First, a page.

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Hamazaspyan v. Holder

December 21, 2009


On Petition for Review of an Order of the Board of Immigration Appeals Agency No. A095-665-745.

The opinion of the court was delivered by: Bea, Circuit Judge



Argued and Submitted June 9, 2009 -- San Francisco, California

Before: Mary M. Schroeder, A. Wallace Tashima, and Carlos T. Bea, Circuit Judges.

Edvin Hamazaspyan petitions for review of the Board of Immigration Appeals' ("BIA") dismissal of his appeal from an immigration judge's ("IJ") denial of his motion to reopen an in absentia removal order. The IJ ordered Hamazaspyan's removal after he failed to appear at a hearing scheduled by the IJ to consider his removal from the United States. Hamazaspyan contends he did not receive notice of the time and place of the hearing and that it was error for the immigration court not to send the notice of the time and place of the hearing to his counsel of record. It is not contested the IJ did not send such notice to counsel. We hold the immigration court erred because it did not serve Hamazaspyan's counsel of record with a hearing notice. Therefore, we reverse the BIA's decision and grant Hamazaspyan's petition for review.

I. Background

The Department of Homeland Security ("DHS") detained Hamazaspyan after he attempted to enter the United States with a valid foreign passport, but an altered, or counterfeit, visa. While Hamazaspyan was in custody, the government personally served him with a "notice to appear."*fn1 On the same day, the immigration court personally served Hamazaspyan with a "hearing notice."*fn2 The notice to appear and the hearing notice specified Hamazaspyan's right to an attorney, the consequences of failing to appear at the scheduled hearing-i.e., removal in absentia-and Hamazaspyan's duty to provide the immigration court with a correct address if his correct address was not listed on the hearing notice.

After Hamazaspyan received the notice to appear and the hearing notice in person, but before his scheduled hearing, Hamazaspyan retained counsel, who filed a notice of appearance with the immigration court.

Hamazaspyan and his counsel appeared at his first hearing. His counsel sought his release from detention upon a bond and moved to change the venue for his hearing from San Pedro to Los Angeles, because Hamazaspyan's grandparents lived in Los Angeles.

Hamazaspyan's counsel was successful. Two days later, DHS paroled Hamazaspyan. Prior to his parole, Hamazaspyan had completed, or had helped to complete, at least three forms that required him to provide an address where he could be reached. Each of the documents contained his grandparents' correct street address, but two of the documents did not contain an apartment number and the third document contained an incorrect apartment number.*fn3

Following Hamazaspyan's parole, the San Pedro immigration court granted his motion for a change of venue and transferred the removal proceedings from San Pedro to the Los Angeles immigration court. The San Pedro immigration court sent the order granting the motion to Hamazaspyan's counsel of record. The order listed Hamazaspyan's address without an apartment number.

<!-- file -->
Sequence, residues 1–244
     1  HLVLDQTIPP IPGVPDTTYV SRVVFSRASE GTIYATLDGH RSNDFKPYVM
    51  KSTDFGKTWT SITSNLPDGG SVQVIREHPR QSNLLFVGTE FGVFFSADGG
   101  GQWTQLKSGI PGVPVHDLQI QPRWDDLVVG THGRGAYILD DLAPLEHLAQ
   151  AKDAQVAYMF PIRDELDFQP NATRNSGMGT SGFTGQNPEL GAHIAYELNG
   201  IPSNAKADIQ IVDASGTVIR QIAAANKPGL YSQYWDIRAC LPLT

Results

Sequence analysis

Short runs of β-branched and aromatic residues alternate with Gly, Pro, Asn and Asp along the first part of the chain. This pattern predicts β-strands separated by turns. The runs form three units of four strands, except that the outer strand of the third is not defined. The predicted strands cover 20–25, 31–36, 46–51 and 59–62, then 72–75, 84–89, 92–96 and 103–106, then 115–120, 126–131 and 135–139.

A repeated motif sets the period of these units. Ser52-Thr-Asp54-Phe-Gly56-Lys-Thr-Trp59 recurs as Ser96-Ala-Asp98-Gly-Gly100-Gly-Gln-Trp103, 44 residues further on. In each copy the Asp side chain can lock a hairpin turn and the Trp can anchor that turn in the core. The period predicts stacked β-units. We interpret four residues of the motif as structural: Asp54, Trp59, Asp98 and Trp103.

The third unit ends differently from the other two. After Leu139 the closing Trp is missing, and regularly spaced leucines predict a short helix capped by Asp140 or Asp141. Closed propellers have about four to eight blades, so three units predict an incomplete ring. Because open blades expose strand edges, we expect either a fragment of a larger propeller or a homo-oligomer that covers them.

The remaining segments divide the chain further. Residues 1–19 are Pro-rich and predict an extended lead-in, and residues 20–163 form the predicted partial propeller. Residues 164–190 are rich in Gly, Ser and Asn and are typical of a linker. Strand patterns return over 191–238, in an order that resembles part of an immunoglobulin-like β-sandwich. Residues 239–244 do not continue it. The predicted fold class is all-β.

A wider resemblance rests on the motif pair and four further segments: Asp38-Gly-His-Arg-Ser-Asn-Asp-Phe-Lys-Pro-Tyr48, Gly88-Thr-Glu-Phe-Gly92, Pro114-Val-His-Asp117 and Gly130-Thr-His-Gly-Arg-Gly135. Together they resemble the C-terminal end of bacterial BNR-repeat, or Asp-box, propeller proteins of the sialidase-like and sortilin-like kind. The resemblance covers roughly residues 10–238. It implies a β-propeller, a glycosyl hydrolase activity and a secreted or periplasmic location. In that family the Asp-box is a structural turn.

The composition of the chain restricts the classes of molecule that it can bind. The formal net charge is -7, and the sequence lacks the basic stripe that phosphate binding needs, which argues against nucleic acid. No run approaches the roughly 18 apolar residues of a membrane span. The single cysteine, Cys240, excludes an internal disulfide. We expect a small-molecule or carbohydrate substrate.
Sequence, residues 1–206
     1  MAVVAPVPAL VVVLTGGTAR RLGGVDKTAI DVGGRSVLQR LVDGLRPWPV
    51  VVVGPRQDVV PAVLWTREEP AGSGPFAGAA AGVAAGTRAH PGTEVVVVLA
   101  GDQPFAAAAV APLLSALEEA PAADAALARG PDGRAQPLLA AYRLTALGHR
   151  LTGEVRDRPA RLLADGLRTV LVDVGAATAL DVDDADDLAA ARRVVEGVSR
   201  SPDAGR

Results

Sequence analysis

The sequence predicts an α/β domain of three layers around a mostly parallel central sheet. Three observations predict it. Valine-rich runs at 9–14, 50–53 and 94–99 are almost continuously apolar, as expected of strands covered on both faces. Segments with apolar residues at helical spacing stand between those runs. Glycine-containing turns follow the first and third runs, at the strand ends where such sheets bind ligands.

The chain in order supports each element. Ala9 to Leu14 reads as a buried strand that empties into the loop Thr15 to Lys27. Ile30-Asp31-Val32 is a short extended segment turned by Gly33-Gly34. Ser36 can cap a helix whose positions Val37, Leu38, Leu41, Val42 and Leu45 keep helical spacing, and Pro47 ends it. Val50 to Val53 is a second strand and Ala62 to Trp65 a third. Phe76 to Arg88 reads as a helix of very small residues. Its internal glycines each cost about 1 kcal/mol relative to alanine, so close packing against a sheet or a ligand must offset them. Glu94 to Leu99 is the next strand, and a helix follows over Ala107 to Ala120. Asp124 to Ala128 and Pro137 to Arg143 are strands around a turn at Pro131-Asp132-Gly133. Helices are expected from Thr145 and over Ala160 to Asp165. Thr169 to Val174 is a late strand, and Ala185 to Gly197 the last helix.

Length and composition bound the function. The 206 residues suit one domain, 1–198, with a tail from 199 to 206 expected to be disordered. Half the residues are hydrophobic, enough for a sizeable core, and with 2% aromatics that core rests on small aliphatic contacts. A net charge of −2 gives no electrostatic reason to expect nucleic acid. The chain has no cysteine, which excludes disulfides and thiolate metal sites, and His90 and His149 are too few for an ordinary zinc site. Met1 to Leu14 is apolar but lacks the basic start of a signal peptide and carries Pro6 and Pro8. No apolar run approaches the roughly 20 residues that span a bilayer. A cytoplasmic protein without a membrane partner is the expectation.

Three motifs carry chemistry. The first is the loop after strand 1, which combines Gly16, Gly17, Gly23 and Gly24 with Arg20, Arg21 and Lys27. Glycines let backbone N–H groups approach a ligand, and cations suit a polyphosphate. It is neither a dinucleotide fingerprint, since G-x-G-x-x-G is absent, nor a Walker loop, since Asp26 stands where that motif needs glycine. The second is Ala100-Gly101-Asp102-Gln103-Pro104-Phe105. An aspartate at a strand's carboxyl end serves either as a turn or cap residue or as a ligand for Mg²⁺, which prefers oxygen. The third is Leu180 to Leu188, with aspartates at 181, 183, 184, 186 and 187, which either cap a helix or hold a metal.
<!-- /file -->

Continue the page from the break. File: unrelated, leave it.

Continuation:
The Los Angeles immigration court then sent, by regular mail, a hearing notice to Hamazaspyan at the address it had on file; that address did not include an apartment number. Hamazaspyan never received the hearing notice; it was returned to the immigration court approximately eight days after the scheduled hearing date. The immigration court did not send the hearing notice to Hamazaspyan's counsel of record.

Hamazaspyan did not appear at his scheduled hearing before the immigration court. The immigration court ordered him removed in absentia, pursuant to 8 U.S.C. § 1229a(b)(5)(A).*fn4 Notwithstanding the hearing notice was not sent to Hamazaspyan's counsel, the Los Angeles immigration court did send the removal order to Hamazaspyan's counsel of record. Counsel immediately telephoned Hamazaspyan, who denied having received the hearing notice.

Hamazaspyan, his grandparents, and his counsel of record all submitted affidavits to the immigration court averring they had not received the hearing notice.

Hamazaspyan promptly and timely moved to reopen the in absentia removal order on grounds the hearing had been held without proper notice to him and without giving him an opportunity to present his case for asylum based on claimed persecution for political activity in Armenia. The IJ denied the motion on the grounds the immigration court sent notice to the address Hamazaspyan provided to the DHS, i.e., the address without the apartment number. Hamazaspyan then appealed the IJ's denial of the motion to reopen to the BIA, which adopted and affirmed the decision of the IJ without discussing whether the immigration court was required to serve Hamazaspyan's counsel of record. Hamazaspyan timely petitioned this court for review.

II. Jurisdiction and Standard of Review

Hamazaspyan's removal order is a final order over which this court has jurisdiction pursuant to 8 U.S.C. ยง 1252(a)(1). This court's review of a removal order entered in absentia is limited to (i) the validity of the notice provided to the alien, (ii) the reasons for the alien's absence from the proceeding, ...

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